Here's the nice thing about L glass... Even if you can't afford one, and a stupid mistake is made.... One can always turn around and re-sell as they all hold 90-95% of thier original value, so it's not like you're not going to get your money back, because in fact you will.

And if you buy used, there's even less to worry about as far as depreciation is concerned.


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Eiro
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May 17, 2013 17:15 |  #55

travis4567 wrote in post #15939606 (external link)
I own a Canon 50-1.8, 85-2.8, Tokina 100mm Macro & Canon 28-135. Purchased a 6d with the Canon 24-105L kit. At 50, 85 & 100mm the prime lenses are sharper. The L is sharper than the 28-135 only at the edges of the frame & is harder to focus & zoom & much heavier. It is built like a tank though. So, are we paying more for supposedly better optics or the build quality. If I was a pro shooting in the jungle 5 days a week I may opt for an L lens but otherwise I see many really good alternatives.
BTW, the sharpest lens I own is the Tokina 100mm.

A good photographer can shoot with just about any tool you provide them,but L glass helps a good photographer use their skill to a greater potential with quality equipment. :D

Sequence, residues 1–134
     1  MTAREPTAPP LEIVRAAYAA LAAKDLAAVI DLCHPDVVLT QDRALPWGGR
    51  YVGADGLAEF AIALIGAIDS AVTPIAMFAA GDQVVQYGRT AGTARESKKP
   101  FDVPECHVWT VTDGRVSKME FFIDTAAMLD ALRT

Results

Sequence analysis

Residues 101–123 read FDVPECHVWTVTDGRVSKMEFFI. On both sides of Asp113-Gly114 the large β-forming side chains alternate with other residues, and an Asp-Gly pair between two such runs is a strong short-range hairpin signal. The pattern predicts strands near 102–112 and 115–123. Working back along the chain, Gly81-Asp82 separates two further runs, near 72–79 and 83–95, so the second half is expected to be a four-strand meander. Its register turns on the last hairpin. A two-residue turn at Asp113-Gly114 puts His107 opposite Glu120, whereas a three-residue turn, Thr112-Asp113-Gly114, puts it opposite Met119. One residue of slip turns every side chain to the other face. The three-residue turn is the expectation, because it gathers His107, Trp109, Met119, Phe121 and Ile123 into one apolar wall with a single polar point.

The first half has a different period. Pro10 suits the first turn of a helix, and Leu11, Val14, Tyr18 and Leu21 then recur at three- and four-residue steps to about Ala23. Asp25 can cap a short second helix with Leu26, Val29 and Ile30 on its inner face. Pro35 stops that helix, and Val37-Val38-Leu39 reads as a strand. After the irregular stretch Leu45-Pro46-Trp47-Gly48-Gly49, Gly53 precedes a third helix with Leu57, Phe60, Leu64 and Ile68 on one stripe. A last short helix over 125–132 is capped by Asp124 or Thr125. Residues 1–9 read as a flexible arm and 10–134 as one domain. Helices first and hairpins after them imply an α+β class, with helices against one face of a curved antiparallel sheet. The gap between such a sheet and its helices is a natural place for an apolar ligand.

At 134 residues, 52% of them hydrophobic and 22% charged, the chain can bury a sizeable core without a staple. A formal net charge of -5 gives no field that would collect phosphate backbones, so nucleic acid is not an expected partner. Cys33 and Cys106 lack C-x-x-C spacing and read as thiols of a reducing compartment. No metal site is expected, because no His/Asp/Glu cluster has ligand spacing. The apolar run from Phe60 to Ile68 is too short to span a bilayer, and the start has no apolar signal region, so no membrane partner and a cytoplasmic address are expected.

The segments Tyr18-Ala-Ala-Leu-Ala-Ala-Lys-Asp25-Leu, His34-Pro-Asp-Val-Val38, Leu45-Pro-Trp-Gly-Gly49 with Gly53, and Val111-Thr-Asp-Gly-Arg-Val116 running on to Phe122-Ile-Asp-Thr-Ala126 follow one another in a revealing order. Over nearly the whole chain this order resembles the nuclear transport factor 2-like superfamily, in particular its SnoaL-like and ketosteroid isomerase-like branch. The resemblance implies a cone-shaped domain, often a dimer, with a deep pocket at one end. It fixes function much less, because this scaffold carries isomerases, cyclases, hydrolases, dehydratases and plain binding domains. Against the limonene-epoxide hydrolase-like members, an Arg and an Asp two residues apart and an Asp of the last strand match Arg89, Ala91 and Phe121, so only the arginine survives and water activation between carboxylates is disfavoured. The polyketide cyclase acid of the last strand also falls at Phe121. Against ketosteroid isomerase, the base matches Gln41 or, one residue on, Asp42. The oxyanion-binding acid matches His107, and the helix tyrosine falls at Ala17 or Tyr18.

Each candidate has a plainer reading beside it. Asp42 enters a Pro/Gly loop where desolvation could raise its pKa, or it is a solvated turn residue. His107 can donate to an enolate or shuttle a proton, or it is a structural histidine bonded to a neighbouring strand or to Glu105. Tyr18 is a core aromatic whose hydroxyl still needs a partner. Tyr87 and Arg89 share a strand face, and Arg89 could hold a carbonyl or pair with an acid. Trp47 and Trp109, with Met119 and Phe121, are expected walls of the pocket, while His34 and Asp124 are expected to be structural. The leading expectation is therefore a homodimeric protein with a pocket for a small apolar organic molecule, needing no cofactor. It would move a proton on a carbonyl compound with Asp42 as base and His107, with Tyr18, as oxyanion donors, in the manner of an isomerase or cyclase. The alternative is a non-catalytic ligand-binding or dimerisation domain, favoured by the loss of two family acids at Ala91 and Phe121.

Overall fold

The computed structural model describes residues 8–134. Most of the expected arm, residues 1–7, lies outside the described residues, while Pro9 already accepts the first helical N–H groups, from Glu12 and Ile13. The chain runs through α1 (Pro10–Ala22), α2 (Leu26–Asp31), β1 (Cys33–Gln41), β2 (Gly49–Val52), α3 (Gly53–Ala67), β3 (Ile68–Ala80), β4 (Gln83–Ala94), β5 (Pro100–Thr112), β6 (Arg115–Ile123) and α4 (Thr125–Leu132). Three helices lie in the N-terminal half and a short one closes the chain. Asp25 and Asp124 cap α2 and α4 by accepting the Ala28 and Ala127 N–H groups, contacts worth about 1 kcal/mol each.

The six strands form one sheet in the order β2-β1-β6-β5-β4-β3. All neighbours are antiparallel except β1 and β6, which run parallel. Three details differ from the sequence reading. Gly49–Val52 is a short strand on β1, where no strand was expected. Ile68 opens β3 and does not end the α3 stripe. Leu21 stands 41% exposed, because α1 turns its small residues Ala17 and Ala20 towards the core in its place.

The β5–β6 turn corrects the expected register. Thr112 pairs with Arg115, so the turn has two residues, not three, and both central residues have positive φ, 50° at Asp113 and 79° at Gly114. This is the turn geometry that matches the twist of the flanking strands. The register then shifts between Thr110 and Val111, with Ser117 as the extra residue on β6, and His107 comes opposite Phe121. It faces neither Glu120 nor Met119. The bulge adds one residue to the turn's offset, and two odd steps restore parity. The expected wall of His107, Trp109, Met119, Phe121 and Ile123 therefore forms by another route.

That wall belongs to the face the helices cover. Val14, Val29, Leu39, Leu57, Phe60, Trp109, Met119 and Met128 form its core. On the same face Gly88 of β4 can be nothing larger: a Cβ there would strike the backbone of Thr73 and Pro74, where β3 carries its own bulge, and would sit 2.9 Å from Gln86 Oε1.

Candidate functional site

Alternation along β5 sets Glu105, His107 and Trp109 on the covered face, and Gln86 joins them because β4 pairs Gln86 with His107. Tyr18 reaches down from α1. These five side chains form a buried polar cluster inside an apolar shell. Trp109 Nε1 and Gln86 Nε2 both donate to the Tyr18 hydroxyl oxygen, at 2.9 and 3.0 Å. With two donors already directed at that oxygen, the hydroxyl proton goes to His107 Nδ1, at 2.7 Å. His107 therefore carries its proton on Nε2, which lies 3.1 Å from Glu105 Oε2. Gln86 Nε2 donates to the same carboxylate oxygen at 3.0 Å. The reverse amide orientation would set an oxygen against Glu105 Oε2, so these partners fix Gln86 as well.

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Snydremark
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May 17, 2013 17:24 |  #56

CAL Imagery wrote in post #15941466 (external link)
I must've gotten a good copy, because the 1-4 I rented last summer was very nice. I'd highly recommend that copy for what it does.

My 100-400 is a fantastic performer, too; however, what Wilt is referring to is the MTF charts that measure resolution of lenses. And, by the numbers in those, the 100-400 is significantly duller than, say, the 400 f/5.6.

With MTF charts, though, you're talking about numbers that have every chance of not being applicable to the real-world scenarios you may find yourself shooting in. It's sort of like worrying about a car that has a top speed of 140mph and one with a top speed of 200mph. Sure, one is clearly faster than the other, but how often are you going to even hit 140 in either car.

Roger Cicala, over at LensRentals, has an interesting article related to this: http://www.lensrentals​.com …have-you-seen-my-acutance (external link)